‘Game for Anto’: Gavin says Kingspan ideal for competitive GAA games

Finnegan along with his son Conall, 14, and daughter Ava, 10. Picture: Oliver McVeigh / SPORTSFILE

Now new ground has been broken, Jim Gavin sees no reason why Kingspan Stadium can’t be used to host competitive GAA matches in the future.

The Dublin manager was part of history on Saturday night with the first gaelic football match to be played at the home of Ulster rugby in over 90 years being staged to raise funds and awareness of Motor Neurone Disease (MND). The unique occasion was the brainchild of former Antrim football captain Anto Finnegan, who was diagnosed with the terminal condition in 2012, and the creativity of the fixture attracted over 6,200 people to Kingspan Stadium. With the redevelopment of Casement on hold due to an ongoing legal dispute with local residents, Gavin speculated on the possibility of returning to Kingspan for a competitive match.

“We could indeed be back and I have to say there’s a lot of county grounds that wouldn’t be much bigger, certainly Parnell Park wouldn’t be much bigger,” he said. “Shane Logan, chief executive of Ulster Rugby, has really shown the value of sport in society and to extend that friendship to the GAA and to have gaelic football here, the symbolism of that gesture means a lot to us in Dublin and we are privileged to be here.

“In terms of Casement Park, we wish the Ulster Council well on that endeavour because it’s important to be fully supportive of having stadia in the key cities on our island and I would always encourage investment in sport. In the meantime, there is an iconic stadium here with outstanding facilities which could be used by everybody.”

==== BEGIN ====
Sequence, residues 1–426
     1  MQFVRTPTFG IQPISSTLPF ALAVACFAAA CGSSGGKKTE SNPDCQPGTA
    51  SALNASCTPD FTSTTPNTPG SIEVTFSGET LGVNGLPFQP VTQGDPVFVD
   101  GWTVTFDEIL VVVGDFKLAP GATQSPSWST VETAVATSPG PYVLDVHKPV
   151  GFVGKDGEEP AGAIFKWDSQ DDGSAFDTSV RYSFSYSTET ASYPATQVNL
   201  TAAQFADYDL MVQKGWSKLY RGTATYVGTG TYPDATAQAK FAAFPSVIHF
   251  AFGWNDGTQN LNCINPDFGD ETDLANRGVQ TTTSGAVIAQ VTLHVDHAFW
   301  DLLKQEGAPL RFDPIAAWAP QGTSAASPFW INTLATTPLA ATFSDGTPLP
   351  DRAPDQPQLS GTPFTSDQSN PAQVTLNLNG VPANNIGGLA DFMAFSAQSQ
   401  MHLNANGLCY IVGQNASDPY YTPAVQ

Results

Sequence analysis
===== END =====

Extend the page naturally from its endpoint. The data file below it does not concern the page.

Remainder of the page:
Joe Kernan, who managed the Ulster select, echoed Gavin’s sentiments.

He said: “we helped our rugby friends when Lansdowne Road was closed and if rugby were asked, I’d say there is no reason it couldn’t happen”.

Due to the narrower dimensions of the rugby pitch, the ‘Game for Anto’ was played as 13-a-side.

Anto Finnegan was delighted with the success of the event and admitted: ” “it was an emotional night but we wanted to make sure everyone had a smile on their faces. Having the rugby and GAA kids out playing at half time showed it was two organisations coming together for a good cause.”

Ulster won by two points but the result was irrelevant (2-18 to 1-19).

“We spoke about Anto in our dressing-room after the game because knowing the illness that he has and to see the courage he has is inspirational,” added Gavin.


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